Decision time? Check out our latest product comparisons

Livio kit wirelessly transmits internet radio to your car stereo

By

October 6, 2011

Livio Radio's Bluetooth Internet Radio Car Kit allows users to receive internet radio stat...

Livio Radio's Bluetooth Internet Radio Car Kit allows users to receive internet radio stations on the iPhone, and relay them into their car stereo

Image Gallery (3 images)

For those of us with iPhones, there are currently various apps that allow us to receive internet radio on our devices, but ... what if you're one of those people who usually only listens to the radio while you're driving? If your car has an auxiliary-in jack, of course, you can just run your phone into that. For the many cars that lack such a feature, however, now there's Livio Radio's Bluetooth Internet Radio Car Kit. Acting as a bridge between your iPhone and your automobile, it wirelessly receives an internet radio signal from your phone, then relays it onto the FM receiver of your car stereo.

The heart of the kit is its transmitter/controller, which is mounted on a flexible gooseneck attachment, that plugs into your car's 12-volt adapter. With the touch of a button, the unit locates available frequencies on your stereo's FM receiver, one of which you then tune in on that receiver.

Next, you pair your iPhone with the device, then download Livio Radio's free Car Internet Radio App, which will allow you to choose from over 45,000 stations. Other internet radio applications will also work.

After that, you just place your phone in your car (running the app), and allow it to stream the station of your choice through the Livio transmitter, and into your car radio. Controls on the device allow you to search through internet radio stations, or to shuttle through MP3s stored on your phone, if you're listening to those instead.

Livio Radio's Bluetooth Internet Radio Car Kit allows users to receive internet radio stat...

You can also use the device to make and receive phone calls using its built-in mic, or to charge your phone via its USB charger.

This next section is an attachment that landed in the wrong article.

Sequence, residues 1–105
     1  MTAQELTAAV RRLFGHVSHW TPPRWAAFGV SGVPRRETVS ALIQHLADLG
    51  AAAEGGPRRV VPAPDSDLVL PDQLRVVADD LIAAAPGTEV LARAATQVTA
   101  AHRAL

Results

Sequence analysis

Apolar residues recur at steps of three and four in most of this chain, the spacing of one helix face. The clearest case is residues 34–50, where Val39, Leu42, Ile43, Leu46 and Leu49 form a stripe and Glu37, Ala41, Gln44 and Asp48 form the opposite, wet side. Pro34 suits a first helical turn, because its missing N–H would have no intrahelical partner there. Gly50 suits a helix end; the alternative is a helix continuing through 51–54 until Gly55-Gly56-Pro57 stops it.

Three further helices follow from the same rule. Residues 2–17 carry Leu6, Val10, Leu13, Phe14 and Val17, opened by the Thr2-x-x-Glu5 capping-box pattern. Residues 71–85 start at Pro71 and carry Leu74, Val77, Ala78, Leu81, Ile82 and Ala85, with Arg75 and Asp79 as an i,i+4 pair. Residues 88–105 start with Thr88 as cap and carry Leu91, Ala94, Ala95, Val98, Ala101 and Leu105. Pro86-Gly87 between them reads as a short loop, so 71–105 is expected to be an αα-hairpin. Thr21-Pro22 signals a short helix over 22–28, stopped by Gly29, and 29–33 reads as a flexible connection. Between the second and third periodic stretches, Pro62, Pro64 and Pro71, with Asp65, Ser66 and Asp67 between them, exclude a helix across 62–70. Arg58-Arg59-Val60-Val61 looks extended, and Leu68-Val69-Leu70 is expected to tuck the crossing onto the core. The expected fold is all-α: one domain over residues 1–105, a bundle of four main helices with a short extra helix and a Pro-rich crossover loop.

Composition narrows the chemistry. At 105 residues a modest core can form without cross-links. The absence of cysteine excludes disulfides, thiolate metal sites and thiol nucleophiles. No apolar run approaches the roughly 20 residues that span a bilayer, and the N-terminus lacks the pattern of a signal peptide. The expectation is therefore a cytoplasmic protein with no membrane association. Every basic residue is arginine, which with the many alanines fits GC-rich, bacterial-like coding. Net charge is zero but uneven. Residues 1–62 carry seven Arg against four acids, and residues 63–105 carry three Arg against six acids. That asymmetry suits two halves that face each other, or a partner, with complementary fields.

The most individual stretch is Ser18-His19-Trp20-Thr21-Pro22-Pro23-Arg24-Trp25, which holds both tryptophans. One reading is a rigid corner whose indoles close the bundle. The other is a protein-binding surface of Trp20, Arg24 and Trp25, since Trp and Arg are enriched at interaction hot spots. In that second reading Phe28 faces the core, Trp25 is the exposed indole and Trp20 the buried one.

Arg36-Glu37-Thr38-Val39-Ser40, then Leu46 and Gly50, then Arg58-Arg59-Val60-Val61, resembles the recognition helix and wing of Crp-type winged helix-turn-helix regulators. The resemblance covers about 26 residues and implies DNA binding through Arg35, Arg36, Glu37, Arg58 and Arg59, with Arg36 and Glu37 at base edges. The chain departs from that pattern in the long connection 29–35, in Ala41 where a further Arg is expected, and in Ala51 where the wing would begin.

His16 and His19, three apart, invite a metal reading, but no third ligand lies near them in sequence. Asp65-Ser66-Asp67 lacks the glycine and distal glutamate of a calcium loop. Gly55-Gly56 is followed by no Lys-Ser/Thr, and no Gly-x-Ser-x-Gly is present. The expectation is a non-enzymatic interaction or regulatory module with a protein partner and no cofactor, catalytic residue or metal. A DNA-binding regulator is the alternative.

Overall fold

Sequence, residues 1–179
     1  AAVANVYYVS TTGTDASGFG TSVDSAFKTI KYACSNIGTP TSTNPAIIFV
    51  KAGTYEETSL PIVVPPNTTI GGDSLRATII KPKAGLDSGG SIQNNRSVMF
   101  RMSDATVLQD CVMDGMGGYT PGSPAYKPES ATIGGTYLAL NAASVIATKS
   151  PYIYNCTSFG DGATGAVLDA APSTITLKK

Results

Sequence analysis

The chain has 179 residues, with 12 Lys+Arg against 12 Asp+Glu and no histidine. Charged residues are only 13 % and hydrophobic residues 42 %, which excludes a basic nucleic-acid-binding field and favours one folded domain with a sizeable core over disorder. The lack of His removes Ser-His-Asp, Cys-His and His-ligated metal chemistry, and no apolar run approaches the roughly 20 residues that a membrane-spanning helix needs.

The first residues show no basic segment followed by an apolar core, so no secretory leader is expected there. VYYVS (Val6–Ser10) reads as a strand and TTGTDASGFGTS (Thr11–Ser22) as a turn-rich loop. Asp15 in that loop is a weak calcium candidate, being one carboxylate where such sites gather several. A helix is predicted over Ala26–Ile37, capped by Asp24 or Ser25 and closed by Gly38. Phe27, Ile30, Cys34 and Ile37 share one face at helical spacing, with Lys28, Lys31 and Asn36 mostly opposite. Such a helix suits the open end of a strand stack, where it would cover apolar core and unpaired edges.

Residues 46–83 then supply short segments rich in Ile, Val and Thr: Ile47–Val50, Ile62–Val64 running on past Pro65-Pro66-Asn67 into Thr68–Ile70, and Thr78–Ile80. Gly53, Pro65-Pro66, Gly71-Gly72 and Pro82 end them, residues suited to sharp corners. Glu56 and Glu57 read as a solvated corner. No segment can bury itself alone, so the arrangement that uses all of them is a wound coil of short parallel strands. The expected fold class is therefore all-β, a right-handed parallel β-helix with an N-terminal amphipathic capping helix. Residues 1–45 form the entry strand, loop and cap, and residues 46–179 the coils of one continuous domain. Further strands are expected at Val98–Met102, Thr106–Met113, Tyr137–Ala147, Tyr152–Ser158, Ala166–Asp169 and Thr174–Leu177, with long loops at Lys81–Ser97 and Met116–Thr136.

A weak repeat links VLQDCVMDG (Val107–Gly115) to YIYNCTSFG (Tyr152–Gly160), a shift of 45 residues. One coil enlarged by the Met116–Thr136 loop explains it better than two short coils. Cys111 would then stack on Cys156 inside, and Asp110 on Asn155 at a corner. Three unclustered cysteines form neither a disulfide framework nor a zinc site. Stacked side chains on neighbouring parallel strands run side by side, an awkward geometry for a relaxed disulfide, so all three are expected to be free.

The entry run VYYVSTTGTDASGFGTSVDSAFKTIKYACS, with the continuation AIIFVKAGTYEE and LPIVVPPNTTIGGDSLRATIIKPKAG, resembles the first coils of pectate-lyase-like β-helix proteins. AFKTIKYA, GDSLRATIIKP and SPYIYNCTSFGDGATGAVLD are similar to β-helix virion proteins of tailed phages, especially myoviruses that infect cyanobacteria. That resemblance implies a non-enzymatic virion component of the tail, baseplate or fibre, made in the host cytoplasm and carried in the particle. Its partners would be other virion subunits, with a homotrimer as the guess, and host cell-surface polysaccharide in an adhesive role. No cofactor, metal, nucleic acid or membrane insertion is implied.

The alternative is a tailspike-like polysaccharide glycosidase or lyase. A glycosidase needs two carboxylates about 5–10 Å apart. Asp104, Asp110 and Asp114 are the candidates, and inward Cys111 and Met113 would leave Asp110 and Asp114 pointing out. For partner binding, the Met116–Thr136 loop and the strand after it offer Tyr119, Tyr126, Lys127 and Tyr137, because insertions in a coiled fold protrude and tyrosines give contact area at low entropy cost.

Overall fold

The Bluetooth Internet Radio Car Kit is available on the Livio Radio website, for US$119.99. SIRIUS XM offers a somewhat similar product, in the form of its Snap! satellite radio. In its case, however, the device itself is what receives the radio stations - no phone is involved. It costs less than the Livio Radio kit, but requires a monthly subscription fee (keep in mind, it picks up satellite stations). SIRIUS' Skydock is another device along the same lines, which transmits an XM satellite signal from the user's smartphone to their car's FM receiver.

About the Author
Ben Coxworth An experienced freelance writer, videographer and television producer, Ben's interest in all forms of innovation is particularly fanatical when it comes to human-powered transportation, film-making gear, environmentally-friendly technologies and anything that's designed to go underwater. He lives in Edmonton, Alberta, where he spends a lot of time going over the handlebars of his mountain bike, hanging out in off-leash parks, and wishing the Pacific Ocean wasn't so far away.   All articles by Ben Coxworth
Tags
4 Comments

Well you can always use Motorola Roadster For this. You don't have to spend $$$.

http://goo.gl/8DxH1

Information Madness
6th October, 2011 @ 02:06 pm PDT

You can use a Nokia N8. It has been available for one year now.

It comes with a built-in FM transmitter which you can tune to any unused frequency on your car's FM stereo receiver.

ramrao
7th October, 2011 @ 03:53 am PDT

Interesting the way the author who apparently has never actually used Internet radio conflates it with satellite radio. $120 for a Bluetooth to fm device? I'd rather spend $20 on a wired fm device that keeps my iPhone charged as well. Or a car stereo with an actual iPod dock. I invested in the latter.

Bryan Paschke
7th October, 2011 @ 08:13 am PDT

I found the following characterisation quite strange:

"Acting as a bridge between your iPhone and your automobile, it wirelessly receives

an internet radio signal from your phone, then relays it onto the FM receiver of

your car stereo."

There's no such thing as an "internet radio signal" per se - and the term "radio" in "Internet radio" is a malapropism; it's just IP audio streaming. This is a bluetooth audio device coupled with an FM transmitter. There's nothing iPhone-specific nor Internet radio-specific about it as far as I can see.

Actually, it's uses are far broader - being suited to devices without the conventional external audio jack supported by umpteen very cheap FM transmitter devices but which may support bluetooth connectivity instead. I wonder whether the emphasis on iPhone and Internet radio is meant to be some sort of marketing genius...

martin
16th October, 2011 @ 01:00 am PDT
Post a Comment

Login with your gizmag account:

Or Login with Facebook:


Related Articles
Looking for something? Search our 29,042 articles